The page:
Address issues with settlements


UNORGANISED squatter settlements have outgrown the already shrinking suburbs in our towns and cities.
Settlements have grown overwhelmingly.
Due to the rising demand of housing in our major towns and cities which cannot cater for the increasing population, people tend to be involved in land grabbing of state and customary land.
The trend of illegally occupying state land in our towns and cities is evident especially in our capital city, Port Moresby.
The surging squatter settlements are putting strain on the already-burdened government services and also pose socioeconomic hurdles to our local communities.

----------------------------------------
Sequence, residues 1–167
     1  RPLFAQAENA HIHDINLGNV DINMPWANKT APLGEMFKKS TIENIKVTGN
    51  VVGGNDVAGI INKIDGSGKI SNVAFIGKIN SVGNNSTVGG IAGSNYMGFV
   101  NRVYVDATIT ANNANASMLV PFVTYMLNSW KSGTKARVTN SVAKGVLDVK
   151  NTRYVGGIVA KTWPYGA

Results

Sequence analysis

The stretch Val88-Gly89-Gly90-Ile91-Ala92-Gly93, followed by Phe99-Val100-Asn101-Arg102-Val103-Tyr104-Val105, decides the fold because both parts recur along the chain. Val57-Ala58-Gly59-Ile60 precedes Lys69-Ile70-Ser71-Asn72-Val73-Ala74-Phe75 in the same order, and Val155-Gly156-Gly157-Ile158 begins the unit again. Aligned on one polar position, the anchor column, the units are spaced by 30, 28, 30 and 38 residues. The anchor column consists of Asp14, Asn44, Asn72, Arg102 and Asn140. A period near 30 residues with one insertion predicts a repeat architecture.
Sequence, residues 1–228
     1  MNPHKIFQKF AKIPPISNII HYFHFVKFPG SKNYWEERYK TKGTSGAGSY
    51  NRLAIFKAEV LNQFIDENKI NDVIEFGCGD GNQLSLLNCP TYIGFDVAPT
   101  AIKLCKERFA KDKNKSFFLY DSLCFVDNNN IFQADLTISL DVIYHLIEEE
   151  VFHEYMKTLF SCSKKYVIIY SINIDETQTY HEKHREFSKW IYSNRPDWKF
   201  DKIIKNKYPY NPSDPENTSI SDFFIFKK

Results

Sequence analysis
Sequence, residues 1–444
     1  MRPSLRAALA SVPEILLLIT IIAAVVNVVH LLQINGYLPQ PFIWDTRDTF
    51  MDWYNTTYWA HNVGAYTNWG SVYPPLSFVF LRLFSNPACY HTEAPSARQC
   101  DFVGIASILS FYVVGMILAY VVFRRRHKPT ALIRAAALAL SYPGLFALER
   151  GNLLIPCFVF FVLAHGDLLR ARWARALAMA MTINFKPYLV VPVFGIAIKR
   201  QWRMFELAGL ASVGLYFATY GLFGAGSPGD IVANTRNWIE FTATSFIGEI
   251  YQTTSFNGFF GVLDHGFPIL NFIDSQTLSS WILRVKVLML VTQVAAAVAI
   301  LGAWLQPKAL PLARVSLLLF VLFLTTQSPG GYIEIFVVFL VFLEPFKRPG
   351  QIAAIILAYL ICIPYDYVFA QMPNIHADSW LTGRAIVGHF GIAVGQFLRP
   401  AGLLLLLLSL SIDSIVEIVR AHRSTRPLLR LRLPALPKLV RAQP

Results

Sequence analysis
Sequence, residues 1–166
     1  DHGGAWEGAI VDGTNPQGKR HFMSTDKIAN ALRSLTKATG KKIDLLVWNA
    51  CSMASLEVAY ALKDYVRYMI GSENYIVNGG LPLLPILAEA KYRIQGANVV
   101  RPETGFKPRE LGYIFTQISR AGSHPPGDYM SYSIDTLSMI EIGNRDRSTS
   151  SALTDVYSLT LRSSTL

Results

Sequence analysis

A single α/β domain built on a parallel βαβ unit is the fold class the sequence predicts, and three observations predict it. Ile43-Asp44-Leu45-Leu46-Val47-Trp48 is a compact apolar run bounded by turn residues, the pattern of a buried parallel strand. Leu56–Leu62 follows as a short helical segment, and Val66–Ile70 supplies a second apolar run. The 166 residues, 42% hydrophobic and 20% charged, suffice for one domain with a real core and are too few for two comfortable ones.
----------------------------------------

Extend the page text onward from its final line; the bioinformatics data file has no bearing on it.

It is difficult to bring government services to illegal settlements because houses are built with no consideration of future roads and developments.
Water supply is one of the major issues affecting Port Moresby other towns.
Illegal water connections are also increasing in settlements.
Water bills are not properly monitored and collected by the responsible authorities such as Eda Ranu or PNG Water Board.
The same can be said for electricity.
There are illegal electricity connections in settlements nationwide and that is becoming a norm.
The Government loses a fair amount of revenue through those illegal connections.
Some settlements are breeding ground for criminal activities.
The environment is conducive for drug trade, especially marijuana. Illegal operation of liquor shops, gambling and prostitution is a common sight in settlements.
It is up to the Government to do something about it.
The sooner we address it the easier and better it will be.

Maru Igabi